label:awesome invoice

                        It's great! Just archive away, or use the time-saving "Send & Archive" labs feature to shave off a few more seconds.

                        Or am I missing something here?
                        Yes, you're missing the single-biggest requested feature from all Gmail users: The ability to search for unlabeled email. It's not possible, without all sorts of hacky mechanics that include excluding each and every label, individually.

                        Since "labels" in Gmail are really IMAP folders, I have several hundred. I run out of search query space when I try to -label:foo -label:"Bar and Blort", and so on.

                        The other problem I've noticed is that Gmail "folds" mail away, hidden, invisible in your Inbox, until you uncover it by deleting more (and I'm not talking about Page 2, Page 3, etc.).

                        The only way to really cleanse the mail folders is via searching for all unlabeled email, and Gmail lacks this feature, and it's been asked for thousands upon thousands of times, over the last 7 years.

                        Comment


                        • #13
                          I don't understand the problem in searching for unlabeled mail?

                          As long as you know who sent it, or some text that would be in the email, it works fine for me.

                          Comment


                          • #14
                            Originally posted by PaulK View Post
                            I don't understand the problem in searching for unlabeled mail?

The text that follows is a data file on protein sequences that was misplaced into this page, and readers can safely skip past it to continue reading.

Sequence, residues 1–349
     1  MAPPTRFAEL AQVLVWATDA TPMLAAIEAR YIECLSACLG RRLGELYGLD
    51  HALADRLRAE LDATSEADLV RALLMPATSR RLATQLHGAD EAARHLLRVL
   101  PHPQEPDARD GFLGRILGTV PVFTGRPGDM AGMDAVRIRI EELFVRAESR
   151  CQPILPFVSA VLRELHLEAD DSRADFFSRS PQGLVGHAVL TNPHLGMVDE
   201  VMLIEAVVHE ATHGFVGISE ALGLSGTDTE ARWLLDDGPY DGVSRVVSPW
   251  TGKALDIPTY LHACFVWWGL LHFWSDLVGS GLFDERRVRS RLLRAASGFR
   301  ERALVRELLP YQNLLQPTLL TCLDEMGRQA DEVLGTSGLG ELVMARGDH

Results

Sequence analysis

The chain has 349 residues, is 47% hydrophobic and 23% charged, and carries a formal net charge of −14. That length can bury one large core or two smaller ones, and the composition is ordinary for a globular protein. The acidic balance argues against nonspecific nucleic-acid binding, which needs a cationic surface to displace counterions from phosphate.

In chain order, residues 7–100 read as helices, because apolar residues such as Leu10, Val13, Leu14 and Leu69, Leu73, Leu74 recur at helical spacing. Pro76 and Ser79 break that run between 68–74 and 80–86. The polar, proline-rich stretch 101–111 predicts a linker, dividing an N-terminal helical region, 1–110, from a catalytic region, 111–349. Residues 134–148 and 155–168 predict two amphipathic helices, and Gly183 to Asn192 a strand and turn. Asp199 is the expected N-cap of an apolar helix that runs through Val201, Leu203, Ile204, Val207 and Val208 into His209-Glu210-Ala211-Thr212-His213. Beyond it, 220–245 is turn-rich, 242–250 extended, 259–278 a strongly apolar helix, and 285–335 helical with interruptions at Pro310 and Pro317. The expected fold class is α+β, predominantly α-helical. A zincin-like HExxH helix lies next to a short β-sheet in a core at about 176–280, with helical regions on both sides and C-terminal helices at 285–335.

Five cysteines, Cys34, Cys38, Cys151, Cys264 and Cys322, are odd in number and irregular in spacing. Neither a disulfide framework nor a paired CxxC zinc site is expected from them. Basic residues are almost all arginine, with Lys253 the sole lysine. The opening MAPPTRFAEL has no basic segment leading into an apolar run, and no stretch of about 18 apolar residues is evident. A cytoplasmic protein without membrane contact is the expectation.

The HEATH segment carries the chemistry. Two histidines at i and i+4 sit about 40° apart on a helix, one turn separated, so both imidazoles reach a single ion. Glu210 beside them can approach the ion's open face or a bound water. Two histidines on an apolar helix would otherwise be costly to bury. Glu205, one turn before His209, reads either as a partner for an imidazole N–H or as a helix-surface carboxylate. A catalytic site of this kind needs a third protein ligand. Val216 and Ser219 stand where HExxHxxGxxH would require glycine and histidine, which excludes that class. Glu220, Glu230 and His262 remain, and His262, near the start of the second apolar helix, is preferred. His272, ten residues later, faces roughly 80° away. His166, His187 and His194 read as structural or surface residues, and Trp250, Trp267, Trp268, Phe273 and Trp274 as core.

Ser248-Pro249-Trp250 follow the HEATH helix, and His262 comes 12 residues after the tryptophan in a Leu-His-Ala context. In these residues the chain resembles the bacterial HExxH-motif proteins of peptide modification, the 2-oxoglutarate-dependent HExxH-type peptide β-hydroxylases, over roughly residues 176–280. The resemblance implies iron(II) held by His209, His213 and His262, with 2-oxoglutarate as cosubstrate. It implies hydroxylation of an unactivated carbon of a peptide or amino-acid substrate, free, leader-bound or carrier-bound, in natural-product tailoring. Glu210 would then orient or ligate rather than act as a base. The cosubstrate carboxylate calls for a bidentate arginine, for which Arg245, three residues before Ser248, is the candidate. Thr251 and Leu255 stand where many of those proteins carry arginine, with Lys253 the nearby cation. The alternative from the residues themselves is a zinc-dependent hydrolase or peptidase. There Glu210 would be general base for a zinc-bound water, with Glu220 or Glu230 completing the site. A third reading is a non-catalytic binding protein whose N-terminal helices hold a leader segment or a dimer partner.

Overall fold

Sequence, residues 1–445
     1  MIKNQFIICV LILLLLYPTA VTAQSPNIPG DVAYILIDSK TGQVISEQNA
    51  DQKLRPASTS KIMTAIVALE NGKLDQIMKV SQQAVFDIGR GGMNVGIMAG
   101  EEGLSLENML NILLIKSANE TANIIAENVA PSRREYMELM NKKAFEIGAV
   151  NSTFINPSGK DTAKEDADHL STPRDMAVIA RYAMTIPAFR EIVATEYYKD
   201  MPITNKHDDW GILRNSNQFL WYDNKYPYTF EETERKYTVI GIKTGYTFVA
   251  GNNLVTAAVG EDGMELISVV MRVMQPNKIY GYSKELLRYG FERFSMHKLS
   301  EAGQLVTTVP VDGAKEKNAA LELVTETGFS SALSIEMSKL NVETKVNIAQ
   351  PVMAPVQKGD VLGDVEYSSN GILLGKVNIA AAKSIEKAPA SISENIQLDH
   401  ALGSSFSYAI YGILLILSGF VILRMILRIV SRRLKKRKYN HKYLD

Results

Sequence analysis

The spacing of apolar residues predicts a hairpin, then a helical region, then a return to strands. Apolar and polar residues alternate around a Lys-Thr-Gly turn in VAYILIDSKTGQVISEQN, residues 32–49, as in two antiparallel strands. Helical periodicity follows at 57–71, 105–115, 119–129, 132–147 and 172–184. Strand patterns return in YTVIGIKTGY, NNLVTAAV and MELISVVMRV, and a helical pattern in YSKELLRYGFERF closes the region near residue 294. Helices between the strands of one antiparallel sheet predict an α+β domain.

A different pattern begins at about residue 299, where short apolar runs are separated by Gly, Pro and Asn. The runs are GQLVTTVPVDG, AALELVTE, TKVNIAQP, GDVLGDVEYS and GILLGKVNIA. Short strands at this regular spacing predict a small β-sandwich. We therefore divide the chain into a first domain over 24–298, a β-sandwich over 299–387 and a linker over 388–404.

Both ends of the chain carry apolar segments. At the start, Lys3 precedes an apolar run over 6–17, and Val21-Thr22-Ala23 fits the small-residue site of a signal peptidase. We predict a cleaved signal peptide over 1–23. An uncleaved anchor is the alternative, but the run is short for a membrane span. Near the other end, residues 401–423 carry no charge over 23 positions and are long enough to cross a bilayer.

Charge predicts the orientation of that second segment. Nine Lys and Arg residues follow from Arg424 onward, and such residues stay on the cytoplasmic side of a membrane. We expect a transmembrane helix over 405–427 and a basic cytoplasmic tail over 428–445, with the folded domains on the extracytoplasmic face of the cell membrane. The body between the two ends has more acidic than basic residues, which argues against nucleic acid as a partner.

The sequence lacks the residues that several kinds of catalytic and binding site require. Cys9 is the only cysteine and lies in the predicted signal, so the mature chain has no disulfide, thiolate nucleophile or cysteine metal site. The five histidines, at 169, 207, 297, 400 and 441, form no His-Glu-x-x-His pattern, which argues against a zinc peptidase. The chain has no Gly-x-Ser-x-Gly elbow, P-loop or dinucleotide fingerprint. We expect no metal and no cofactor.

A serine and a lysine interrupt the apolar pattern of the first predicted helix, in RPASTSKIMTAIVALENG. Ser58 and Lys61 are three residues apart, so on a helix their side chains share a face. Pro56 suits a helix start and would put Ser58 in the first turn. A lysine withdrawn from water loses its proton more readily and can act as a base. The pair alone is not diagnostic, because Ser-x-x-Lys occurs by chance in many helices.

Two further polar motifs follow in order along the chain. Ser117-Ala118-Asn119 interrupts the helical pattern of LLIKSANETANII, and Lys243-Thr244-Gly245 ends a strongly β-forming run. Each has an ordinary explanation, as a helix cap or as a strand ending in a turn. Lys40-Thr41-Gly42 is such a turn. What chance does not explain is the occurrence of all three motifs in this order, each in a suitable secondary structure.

Yes, you don't seem to understand the problem.

                            Originally posted by PaulK
                            As long as you know who sent it, or some text that would be in the email, it works fine for me.
                            So what if you don't know the content, don't know who sent it, don't know when, and just want to find any and all email that has never been categorized, labeled or even read?

                            Comment


                            • #15
                              Originally posted by hacker View Post
                              So what if you don't know the content, don't know who sent it, don't know when, and just want to find any and all email that has never been categorized, labeled or even read?
                              I use gmail and use labels for project reference material; all other stuff just gets archived so I know I can find it if necessary using search at a later date.

                              I don't understand why you would want a search to return [I]all[I] unlabelled email? Unless you suddenly decided you wanted to either delete all of it, or go through it and label all of it?

                              Comment